Data and customer experience

How data can revolutionise a bank’s interactions with their customers and give them a crucial edge against the competition.

‘The customer is king’ – we’ve all heard that saying. But how do you really know what the customer wants? You could ask them, but their answers aren’t always the best indication. What really gives us away is our actions, and this will form one of the key battlegrounds for big data over the next few years.

Technology can be disruptive to banks; it aids smaller competitors and makes the landscape harder to predict, but it also creates opportunities, most particularly in the realm of data. Research from consultancy firm McKinsey found that only 18% of banks were realising all the value from the industry. Whether it’s in their interactions with customers, or insights into their own business performance, data can work wonders.

McKinsey highlighted the following examples:

  • A bank used machine learning to identify which customers were thinking about leaving and so improved its customer retention figures.
  • Sales people at another bank were convinced their customer discounts were paying them back in higher value services. Data insight revealed a pattern of unnecessary discounts which could easily be corrected. Revenues rose by 8%.
  • An Asian bank used big data and machine learning to identify 15,000 microsegments within its customer base, which helped them dramatically increase the likelihood of their customers making a purchase.

These are just isolated examples, but by incorporating data and analytics into a business, a bank can reap powerful benefits.

They can work out what customers really want by looking at what they do rather than what they say, they can drill down into their business data to see which areas are truly efficient and where profit lies; they can identify potential challenges, such as cash flow issues and develop resolutions before they become a serious problem.

Partnering points the way

The good news for banks is that in an increasingly competitive marketplace, where they find themselves having to compete with smaller, agile, tech-savvy start-ups, this is one area in which they can enjoy a natural advantage and gain a significant edge.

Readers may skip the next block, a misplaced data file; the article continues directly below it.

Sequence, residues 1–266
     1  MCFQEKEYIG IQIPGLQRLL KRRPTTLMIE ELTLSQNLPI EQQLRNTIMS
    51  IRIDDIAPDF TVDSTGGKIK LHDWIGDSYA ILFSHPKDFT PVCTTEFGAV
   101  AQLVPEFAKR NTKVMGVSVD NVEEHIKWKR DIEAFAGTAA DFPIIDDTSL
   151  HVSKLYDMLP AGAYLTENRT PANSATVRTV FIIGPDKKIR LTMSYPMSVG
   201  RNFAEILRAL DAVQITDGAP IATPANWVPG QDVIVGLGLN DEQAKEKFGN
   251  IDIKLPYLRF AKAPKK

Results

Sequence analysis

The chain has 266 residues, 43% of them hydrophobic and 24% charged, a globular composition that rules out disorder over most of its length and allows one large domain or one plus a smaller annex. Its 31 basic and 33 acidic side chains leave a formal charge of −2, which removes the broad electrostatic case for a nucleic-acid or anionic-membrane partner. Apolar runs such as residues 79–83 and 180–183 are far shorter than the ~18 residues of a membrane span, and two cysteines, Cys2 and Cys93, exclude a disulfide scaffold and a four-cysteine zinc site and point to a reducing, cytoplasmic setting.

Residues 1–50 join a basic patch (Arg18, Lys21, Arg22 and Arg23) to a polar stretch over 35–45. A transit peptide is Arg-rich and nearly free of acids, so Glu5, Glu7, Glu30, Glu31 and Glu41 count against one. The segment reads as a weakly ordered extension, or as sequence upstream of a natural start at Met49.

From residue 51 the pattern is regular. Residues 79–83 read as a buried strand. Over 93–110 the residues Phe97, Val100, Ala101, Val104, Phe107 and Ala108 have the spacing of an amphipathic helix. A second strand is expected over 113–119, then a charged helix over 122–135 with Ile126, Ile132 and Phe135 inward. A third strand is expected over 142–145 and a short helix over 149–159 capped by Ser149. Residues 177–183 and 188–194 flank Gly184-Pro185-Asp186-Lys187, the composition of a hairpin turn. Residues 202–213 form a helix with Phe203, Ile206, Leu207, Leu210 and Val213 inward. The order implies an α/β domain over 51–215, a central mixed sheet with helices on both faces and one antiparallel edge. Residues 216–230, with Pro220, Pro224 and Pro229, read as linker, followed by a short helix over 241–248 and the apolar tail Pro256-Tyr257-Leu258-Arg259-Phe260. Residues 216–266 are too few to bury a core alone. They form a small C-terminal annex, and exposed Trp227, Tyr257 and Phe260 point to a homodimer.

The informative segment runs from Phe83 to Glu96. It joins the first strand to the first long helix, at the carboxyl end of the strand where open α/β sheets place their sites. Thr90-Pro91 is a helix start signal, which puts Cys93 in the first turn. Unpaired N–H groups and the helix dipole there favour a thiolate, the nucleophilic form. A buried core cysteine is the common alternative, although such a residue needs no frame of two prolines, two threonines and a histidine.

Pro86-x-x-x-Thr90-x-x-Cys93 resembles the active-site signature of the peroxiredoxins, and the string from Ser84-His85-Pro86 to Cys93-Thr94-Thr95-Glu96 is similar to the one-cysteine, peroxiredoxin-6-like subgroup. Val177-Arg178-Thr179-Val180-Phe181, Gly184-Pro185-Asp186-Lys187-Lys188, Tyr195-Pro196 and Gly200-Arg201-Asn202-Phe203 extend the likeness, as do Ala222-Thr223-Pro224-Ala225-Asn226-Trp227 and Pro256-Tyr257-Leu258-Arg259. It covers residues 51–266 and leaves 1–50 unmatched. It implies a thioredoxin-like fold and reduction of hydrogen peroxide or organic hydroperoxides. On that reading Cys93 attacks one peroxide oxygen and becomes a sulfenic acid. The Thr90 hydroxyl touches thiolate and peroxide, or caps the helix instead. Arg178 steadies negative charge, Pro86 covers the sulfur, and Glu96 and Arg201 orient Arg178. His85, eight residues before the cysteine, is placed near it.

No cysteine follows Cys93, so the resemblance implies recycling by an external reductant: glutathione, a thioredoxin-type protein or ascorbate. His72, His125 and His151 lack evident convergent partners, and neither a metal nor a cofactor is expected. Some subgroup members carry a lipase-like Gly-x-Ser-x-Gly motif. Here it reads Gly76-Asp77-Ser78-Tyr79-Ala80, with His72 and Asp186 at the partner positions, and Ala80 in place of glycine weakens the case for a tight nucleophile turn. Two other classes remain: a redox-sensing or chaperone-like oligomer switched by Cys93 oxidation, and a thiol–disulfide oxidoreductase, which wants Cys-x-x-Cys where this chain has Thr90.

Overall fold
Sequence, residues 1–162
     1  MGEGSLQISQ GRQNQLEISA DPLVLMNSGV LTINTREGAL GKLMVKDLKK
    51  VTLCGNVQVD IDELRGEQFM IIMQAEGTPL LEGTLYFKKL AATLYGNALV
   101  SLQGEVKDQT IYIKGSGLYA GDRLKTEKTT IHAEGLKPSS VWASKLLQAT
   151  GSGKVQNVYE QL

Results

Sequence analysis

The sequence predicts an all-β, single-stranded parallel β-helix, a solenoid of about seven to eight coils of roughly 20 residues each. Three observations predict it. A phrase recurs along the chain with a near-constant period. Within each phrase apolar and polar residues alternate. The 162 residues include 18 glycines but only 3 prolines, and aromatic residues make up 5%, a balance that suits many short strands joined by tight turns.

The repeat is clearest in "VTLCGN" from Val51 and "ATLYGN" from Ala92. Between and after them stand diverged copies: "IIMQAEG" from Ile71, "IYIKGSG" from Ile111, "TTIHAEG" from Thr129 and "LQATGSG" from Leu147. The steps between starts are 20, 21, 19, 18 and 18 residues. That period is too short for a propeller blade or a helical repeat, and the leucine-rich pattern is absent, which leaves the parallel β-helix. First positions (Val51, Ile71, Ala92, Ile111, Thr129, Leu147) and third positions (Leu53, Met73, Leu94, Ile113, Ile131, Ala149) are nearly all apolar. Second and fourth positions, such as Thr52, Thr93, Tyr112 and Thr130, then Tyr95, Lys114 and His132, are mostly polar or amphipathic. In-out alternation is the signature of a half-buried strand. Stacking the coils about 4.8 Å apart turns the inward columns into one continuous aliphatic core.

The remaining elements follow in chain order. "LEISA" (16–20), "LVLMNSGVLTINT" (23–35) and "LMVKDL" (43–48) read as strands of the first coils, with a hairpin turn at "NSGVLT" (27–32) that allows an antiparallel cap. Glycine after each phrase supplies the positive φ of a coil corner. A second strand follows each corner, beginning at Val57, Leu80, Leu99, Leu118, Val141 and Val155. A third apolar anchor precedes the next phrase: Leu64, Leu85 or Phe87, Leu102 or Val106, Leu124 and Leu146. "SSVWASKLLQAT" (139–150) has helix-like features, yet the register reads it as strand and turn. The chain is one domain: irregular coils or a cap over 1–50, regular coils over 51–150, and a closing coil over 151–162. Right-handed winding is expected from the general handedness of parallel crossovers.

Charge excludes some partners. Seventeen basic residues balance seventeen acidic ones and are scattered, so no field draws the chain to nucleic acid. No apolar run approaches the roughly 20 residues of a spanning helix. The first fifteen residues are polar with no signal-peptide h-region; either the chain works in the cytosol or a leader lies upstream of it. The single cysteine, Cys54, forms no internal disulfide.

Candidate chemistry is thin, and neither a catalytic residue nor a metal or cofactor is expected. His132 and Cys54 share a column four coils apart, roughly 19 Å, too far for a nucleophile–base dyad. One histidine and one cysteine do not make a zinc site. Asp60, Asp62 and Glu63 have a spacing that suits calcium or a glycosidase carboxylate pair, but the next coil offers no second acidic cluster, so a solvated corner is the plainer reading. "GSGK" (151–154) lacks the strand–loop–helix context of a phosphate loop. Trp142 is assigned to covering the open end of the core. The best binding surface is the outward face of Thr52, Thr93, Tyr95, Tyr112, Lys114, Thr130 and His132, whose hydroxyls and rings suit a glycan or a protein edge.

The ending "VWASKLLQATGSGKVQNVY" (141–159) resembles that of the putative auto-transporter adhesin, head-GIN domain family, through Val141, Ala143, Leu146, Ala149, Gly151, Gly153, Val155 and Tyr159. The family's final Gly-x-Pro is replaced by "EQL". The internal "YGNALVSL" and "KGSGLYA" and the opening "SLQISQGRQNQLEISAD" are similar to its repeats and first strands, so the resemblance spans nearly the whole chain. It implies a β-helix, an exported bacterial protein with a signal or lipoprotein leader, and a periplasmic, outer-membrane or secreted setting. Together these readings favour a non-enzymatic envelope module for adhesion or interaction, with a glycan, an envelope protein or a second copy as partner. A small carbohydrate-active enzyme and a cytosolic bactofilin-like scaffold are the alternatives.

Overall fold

worker looking at multiple screens
The number of UK companies investing more than 15% of annual revenues in digital technology has more than doubled in the last year from 10% to 24% (source: PwC)

First, introducing AI technology which can make the full use of big data is expensive and requires highly skilled data scientists. A bank will have the resources and capacity to support a major project where a start-up will not.

Secondly, the landscape is shifting. The arrival of the internet and mobile technology has created vast quantities of data, but that’s nothing compared to what is to come. By 2020, each human being will be producing approximately 1.7 megabytes of new information every second.

Brave new world

Technology has already become an integral part of our lives, but that trend is still in progress.

The next few years could see the rise of wearable technology, devices for tracking health and well-being. Looking further into the future, biotech could even monitor details such as heart rate, blood sugar content and much more. Gadgets can already track our movements; soon they will become even better at tracking and predicting our behaviour.

AI data analytics, then, should sit at the heart of every bank’s future strategy. Those which adopt it will thrive, while others will fall behind. We often hear about transformative technology, but this could be one which truly lives up to the hype.

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